Rebecca Hermann is a painter, animator, explorer, and decoder of the universe. She holds an MFA in painting from Cranbrook Academy of Art in Bloomfield Hills, Michigan and teaches animation and computer graphics at Metropolitan Community College in Omaha, Nebraska. She is one third of the animation group called the Animutts. She enjoys dividing and combining her time between the complementary thought processes of both analog and digital investigation. Lately, she has been traveling to Southern France and other European countries to collect visual raw material.
My paintings have evolved into a type of recording system of symbols I have developed over the years. These "symbols" or "touchstones" are drawn and then made into stamps and the stamps get recorded layer by layer onto the canvas. I think of my paintings as snapshots of glimpsed clarity. They are the result of using an obsessive layering process to weave some of my visual memory fragments into physical form. I have always thought of time as more of a build up or accumulation rather than something that passes.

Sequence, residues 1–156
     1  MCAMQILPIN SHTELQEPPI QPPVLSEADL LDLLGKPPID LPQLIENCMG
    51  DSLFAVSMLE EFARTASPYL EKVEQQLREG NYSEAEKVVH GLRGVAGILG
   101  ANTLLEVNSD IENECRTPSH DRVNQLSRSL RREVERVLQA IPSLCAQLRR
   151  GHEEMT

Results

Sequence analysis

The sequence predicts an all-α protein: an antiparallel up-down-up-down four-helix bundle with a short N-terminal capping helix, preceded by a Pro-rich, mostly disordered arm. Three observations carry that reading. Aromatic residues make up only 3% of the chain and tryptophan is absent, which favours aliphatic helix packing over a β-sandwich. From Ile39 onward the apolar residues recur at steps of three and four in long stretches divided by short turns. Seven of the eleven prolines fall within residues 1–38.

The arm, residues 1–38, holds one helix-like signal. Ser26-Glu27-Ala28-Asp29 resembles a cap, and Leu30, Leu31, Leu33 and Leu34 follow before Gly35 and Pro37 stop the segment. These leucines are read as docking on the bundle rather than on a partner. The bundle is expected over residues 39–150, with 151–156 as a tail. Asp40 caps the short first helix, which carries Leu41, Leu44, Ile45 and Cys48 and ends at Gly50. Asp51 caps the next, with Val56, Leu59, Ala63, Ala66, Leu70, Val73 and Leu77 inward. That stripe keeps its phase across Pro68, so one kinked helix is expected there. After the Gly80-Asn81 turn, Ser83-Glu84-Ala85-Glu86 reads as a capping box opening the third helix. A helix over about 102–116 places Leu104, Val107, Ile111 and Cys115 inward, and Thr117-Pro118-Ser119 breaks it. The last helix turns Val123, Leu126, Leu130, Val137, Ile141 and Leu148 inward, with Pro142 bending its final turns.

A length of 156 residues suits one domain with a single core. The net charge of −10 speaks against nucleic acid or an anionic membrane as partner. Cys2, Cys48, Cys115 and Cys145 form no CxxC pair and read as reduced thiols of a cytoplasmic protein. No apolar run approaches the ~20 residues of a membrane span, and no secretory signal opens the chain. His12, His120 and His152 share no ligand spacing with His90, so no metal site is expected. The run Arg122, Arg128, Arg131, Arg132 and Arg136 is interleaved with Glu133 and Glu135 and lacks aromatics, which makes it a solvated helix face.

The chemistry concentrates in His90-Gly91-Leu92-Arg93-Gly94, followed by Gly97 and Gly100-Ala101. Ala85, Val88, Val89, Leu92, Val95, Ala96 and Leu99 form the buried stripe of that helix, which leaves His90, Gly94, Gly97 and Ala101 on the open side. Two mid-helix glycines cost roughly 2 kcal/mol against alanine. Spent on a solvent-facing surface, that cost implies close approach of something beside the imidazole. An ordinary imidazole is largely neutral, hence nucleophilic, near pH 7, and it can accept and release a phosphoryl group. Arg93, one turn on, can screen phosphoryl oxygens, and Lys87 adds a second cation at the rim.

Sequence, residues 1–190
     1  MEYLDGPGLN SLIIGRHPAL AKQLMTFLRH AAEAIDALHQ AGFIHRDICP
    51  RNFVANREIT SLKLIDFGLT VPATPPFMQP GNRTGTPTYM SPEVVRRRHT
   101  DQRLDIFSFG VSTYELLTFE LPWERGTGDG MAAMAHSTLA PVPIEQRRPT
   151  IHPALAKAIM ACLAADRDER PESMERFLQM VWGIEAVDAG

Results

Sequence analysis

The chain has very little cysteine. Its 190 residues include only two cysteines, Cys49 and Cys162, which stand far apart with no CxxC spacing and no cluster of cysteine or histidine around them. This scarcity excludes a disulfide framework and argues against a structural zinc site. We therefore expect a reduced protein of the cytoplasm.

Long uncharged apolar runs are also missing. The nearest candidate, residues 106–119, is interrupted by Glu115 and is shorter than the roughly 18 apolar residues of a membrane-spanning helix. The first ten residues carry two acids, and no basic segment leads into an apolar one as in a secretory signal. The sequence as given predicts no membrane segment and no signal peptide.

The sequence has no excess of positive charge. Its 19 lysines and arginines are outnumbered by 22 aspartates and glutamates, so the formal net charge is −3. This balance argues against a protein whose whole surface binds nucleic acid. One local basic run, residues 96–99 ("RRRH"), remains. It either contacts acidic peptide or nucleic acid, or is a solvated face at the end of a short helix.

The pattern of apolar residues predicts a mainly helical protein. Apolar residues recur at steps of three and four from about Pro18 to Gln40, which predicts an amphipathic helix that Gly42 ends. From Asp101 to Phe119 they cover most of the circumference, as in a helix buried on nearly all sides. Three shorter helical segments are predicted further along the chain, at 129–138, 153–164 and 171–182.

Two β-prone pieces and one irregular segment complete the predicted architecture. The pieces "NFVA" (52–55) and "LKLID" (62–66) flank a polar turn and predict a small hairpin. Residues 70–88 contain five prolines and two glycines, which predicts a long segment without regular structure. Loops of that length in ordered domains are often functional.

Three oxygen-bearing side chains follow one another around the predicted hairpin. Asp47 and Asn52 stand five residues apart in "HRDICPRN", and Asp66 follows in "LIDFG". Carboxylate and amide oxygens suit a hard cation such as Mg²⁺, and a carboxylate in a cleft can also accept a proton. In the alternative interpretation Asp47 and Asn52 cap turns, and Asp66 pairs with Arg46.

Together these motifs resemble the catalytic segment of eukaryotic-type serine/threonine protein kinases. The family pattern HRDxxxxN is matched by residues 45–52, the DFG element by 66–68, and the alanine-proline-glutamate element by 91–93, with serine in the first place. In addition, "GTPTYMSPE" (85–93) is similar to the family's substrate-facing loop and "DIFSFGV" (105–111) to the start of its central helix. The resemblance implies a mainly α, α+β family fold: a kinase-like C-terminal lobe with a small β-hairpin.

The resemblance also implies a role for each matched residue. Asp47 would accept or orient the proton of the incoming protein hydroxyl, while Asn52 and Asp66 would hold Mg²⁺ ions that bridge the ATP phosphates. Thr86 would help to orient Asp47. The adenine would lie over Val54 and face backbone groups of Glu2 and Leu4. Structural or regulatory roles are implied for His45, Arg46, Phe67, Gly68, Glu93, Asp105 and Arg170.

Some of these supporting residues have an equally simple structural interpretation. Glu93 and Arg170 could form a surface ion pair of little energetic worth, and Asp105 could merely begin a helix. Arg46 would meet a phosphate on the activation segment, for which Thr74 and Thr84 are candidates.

Animation process and painting process feed into each other and I continuously find myself in the middle of choreographing acrylic on canvas, paint and ink on paper, movement of painted paper pieces. I am amazed at what develops in one medium when I'm focusing on another medium.
Most of my inspiration comes from direct observation, so painting and drawing from life is an integral part of my whole process. I have lately been inspired by the ancient, rugged Ardèche region of Southern France. I paint, photograph and draw whatever flora, fauna, dolmen, menhir, or Romanesque church happens to come into my vision.
I'm very interested in memory and perception and belief systems so some of these drawings become part of a permanent vocabulary in the form of rubber stamps. I stamp acrylic paint in many layers of repeated patterns. Each random layer determines what happens next, so that accident and coincidence play a role in what determines the final layer, as well as my own conscious decisions.
The painted pieces on paper are acting as "constituents", an ongoing collection of forms that have come from my observations. They accumulate and form different configurations each time I install them. As part of the installation process, I photograph at intervals so the new formation can become part of an ongoing animation.